words and their dress to the rhythm of that music. Hence, O Ion, you
have a power of speech respecting Homer alone, and this is the cause
which you sought why that power is united to Homer; it is by a divine
election and not through art that you have attained so singular an
excellence in panegyrizing and illustrating this Poet.
speak well, O Socrates. Yet I should be surprised if you had eloquence
enough to persuade me that when I praise Homer I am mad and possessed.
I think you would change your opinion if you once heard me declaim.
And indeed I desire to hear you, but just answer me one question. On
what subjects does Homer speak well — not on every one I imagine?
Ion. Be assured, O Socrates, that he speaks ill on none.
Socrates. And does Homer never speak anything respecting which you may happen to be ignorant?
Ion. There are indeed subjects spoken of by Homer which I do not understand.
Does not Homer speak copiously and in many places of various arts
— such for instance as charioteering? If you do not remember the
passages I will quote the verses to you.
Ion. Allow me. I remember them well.
Recite me those then in which Nestor warns his son Antilochus to beware
of the turn in the course at the horse race given the funeral of
[. . . and warily proceed,
A little bending to the left-hand steed;
But urge the right, and give him all the reins;
While thy strict hand his fellow's head restrains,
And turns him short; till, doubling as they roll,
The wheel's round nave appears to brush the goal.
Yet, not to break the car or lame the horse,
Clear of the stony heap direct the course.]
— Iliad 23:335 et seq., tr. Alexander Pope.
Socrates. Enough. Now Ion, which would be the best
judge of whether Homer had given right directions on this subject or
not — a physician or a charioteer?
Ion. A charioteer certainly.
Socrates. For what reason? Because it belongs to his art to determine?
Ion. Because it belongs to his art.
Socrates. For the God has attached to every art the
knowledge of the peculiar things which relate to it. The rules for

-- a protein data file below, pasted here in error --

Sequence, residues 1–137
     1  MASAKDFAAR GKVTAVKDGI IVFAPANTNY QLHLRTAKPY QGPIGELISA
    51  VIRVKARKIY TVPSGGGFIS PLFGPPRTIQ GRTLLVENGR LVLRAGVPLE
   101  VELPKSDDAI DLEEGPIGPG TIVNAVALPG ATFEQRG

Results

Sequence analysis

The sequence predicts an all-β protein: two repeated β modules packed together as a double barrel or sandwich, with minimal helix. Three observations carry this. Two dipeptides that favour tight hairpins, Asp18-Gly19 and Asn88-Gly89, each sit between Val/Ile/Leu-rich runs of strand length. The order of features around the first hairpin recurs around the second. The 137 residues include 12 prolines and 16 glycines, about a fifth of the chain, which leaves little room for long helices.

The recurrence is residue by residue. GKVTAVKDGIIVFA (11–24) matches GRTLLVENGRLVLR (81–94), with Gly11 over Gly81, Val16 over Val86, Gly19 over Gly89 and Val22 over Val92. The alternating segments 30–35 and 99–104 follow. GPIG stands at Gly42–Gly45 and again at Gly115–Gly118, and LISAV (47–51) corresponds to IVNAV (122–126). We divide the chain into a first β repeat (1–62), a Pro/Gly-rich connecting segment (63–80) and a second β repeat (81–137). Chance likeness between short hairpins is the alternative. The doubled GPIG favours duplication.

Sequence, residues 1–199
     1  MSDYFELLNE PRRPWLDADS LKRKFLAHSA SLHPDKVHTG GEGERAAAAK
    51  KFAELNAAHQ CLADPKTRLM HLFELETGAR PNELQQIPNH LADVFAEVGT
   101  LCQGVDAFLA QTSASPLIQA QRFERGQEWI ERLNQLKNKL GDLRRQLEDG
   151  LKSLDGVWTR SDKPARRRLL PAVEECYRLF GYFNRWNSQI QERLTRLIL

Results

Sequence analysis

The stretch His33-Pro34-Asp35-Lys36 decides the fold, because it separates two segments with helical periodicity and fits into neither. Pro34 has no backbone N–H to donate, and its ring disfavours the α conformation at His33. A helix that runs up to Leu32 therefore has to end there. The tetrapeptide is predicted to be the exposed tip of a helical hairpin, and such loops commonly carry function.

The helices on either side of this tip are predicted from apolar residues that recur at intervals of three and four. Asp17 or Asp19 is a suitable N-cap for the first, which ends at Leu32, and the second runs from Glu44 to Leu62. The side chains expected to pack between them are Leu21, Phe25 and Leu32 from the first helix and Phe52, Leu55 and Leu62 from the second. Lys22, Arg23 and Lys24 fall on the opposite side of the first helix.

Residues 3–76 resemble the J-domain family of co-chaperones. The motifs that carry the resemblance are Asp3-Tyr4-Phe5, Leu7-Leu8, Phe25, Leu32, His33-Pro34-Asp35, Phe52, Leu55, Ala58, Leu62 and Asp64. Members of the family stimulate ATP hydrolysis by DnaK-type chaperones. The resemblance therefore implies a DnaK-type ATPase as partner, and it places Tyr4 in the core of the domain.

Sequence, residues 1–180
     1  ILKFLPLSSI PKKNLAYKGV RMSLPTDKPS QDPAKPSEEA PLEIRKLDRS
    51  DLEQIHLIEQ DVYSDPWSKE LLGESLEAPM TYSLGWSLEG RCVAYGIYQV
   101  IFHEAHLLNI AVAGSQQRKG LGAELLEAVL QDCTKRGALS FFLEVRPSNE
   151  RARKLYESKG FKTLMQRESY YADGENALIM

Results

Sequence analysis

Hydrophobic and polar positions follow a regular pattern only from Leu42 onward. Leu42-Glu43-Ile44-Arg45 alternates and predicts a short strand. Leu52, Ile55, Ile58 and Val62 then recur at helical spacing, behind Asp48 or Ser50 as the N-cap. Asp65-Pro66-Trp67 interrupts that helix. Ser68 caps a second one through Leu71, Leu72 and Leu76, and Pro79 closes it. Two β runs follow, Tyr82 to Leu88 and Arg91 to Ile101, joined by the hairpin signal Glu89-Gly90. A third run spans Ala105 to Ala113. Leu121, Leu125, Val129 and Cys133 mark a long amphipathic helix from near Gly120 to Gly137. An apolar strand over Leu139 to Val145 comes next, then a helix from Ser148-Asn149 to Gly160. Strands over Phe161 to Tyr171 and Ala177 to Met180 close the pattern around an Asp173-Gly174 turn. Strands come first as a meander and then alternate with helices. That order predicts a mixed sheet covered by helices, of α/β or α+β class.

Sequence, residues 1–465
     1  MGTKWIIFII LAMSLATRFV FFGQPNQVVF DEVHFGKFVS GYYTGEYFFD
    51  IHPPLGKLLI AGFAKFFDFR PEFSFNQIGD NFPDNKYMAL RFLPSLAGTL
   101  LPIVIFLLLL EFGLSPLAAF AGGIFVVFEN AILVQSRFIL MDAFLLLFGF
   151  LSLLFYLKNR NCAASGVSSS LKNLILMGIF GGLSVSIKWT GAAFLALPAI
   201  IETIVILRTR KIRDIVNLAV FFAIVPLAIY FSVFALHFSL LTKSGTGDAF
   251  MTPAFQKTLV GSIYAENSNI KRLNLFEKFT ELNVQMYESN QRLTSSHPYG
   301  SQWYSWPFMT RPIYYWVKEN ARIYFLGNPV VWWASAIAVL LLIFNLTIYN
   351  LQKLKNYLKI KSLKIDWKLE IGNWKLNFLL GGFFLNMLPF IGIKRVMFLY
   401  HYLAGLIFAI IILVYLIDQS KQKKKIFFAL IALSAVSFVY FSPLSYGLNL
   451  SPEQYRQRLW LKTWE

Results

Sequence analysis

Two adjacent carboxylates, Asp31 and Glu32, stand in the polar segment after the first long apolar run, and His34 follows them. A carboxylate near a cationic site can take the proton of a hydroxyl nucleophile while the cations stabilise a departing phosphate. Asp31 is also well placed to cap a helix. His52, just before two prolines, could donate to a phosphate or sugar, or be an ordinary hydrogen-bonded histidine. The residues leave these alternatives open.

steering a ship would never teach us anything in medicine?
Ion. Certainly not.
Socrates. Nor could we deduce from the art of medicine any rules for architecture.
Ion. We could not.
Socrates. Thus with regard to all arts: we can infer
nothing from the rules of one to the subject of another. Permit me this
one question — you allow a distinction of arts?
Socrates. Do you understand it in the sense that I
do? I say that arts are distinct one from the other inasmuch as they
are the sciences of different things.
Ion. So I understand it.
Socrates. We cannot establish any distinction
between science the objects of which are the same. For instance, we
both know that the fingers of our hand are five in number; and if I
should ask you whether we acquire this knowledge through the same
science, that is arithmetic, or by two different sciences, you would
say by the same.
Socrates. Now answer the question I was just going
to propose. Is it not true of all arts that one class of things must be
known by one single art and that the knowledge of other classes belongs
to other arts, separately and distinctly considered; so that if the art
ceases to be the same the subject must also become different?
Ion. So it should appear, O Socrates.
Socrates. No one, therefore, who is ignorant of any
part can be competent to know rightly what to say or to do with respect
Ion. Certainly not.
Socrates. To return to the verses which you just
recited — do you think that you or a charioteer would be better
capable of deciding whether Homer had spoken rightly or not?
Ion. Doubtless a charioteer.
Socrates. For you are a rhapsodist and not a charioteer.
Socrates. And the art of reciting verses is different from that of driving chariots?
Socrates. And if it is different it supposes a knowledge of different things.
Socrates. And when Homer introduces Hecamede, the
concubine of Nestor, giving Machaon who was wounded a posset to drink,
he speaks thus:
[Tempered in this, the nymph of form divine,
Pours a large portion of the Pramnian wine;
With goats'-milk cheese, a flavorous taste bestows,
And last with flour the smiling surface strews.]
Iliad 11:639 et seq., tr. Pope.
does it belong to the medical or the rhapsodical art to determine whether Homer speaks rightly on this subject?
Ion. To the medical.
Socrates. And when he says:
[She plunged, and instant shot the dark profound:
As, bearing death in the fallacious bait,
From the bent angle sinks the leaden weight.],
— Iliad 24:80 et seq., tr. Pope.
does it belong to the rhapsodical or the piscatorial art to determine whether he speaks rightly or not on the subject?